The bill also has provisions enabling further intrusions on our privacy. One section gives police the broad power under warrant to put tracking devices on people or their cars in relation to any suspected offence. The police need only to suspect that an offence “will be committed” at some time in the future for a tracking device to be installed, and it may be installed even prior to any warrant application. Given the technological sophistication of tracking devices and their small size, and the ease with which police could install and operate them, this could lead to substantial intrusion on our privacy, not only for the actual target people, but also for any people they happen to visit. The Privacy Commissioner was aware of how intrusive tracking devices can be and suggested that at least it be made illegal for the general public to use them, unless the person being tracked gives consent. He even provided the text of an amendment to the bill to this effect, but the select committee did not accept it. The Greens will be moving the Privacy Commissioner’s amendment during the Committee stage of this bill. We do accept that tracking devices can be useful in society – for example, for taxi-drivers to monitor their fleet – but this tracking is done, and morally should always be done, with the knowledge and consent of the drivers concerned.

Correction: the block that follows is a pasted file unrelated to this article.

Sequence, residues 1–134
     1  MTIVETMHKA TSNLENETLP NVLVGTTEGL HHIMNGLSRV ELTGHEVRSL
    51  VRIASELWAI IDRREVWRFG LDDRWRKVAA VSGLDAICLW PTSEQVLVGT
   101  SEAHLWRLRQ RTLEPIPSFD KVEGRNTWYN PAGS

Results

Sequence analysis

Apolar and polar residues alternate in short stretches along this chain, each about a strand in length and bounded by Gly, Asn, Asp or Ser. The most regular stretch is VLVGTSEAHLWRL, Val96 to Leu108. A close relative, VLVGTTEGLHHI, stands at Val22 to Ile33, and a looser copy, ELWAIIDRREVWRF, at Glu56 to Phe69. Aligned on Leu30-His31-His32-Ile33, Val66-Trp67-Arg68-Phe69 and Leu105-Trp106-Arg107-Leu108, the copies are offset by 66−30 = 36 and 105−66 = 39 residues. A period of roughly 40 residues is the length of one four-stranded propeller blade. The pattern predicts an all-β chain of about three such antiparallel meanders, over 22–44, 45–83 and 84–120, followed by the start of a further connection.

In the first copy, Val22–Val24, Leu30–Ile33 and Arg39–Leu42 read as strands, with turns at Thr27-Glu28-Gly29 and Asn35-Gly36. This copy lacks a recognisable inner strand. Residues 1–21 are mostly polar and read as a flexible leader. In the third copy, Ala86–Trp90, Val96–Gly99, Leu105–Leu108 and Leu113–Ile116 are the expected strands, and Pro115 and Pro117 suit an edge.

Privacy is being threatened also by the proposed new section 198B of the Summary Proceedings Act. In this high-tech age, we all have so much of our lives on the hard drives of our computers. All sorts of personal correspondence, our innermost thoughts, and much of what we have been doing over the past few years are recorded on the computer. Yet, under this new section, when the police are searching premises under warrant for any offence, they can demand full access to everything on a person’s computer. Specifically, this means that person has to provide any passwords or encryption keys to the police. As submitters to the select committee pointed out, this goes right against the age-old common law right to avoid self-incrimination. The bill was supposedly improved in the select committee by adding a subclause that a person be allowed to withhold information tending to incriminate, but this qualification was then rendered null by the next part of the clause, subclause (2C), which says that this right of refusal does not apply to information sitting on a suspect’s computer. This provision could lead to fishing expeditions to check any evidence of criminal behaviour on people’s computers.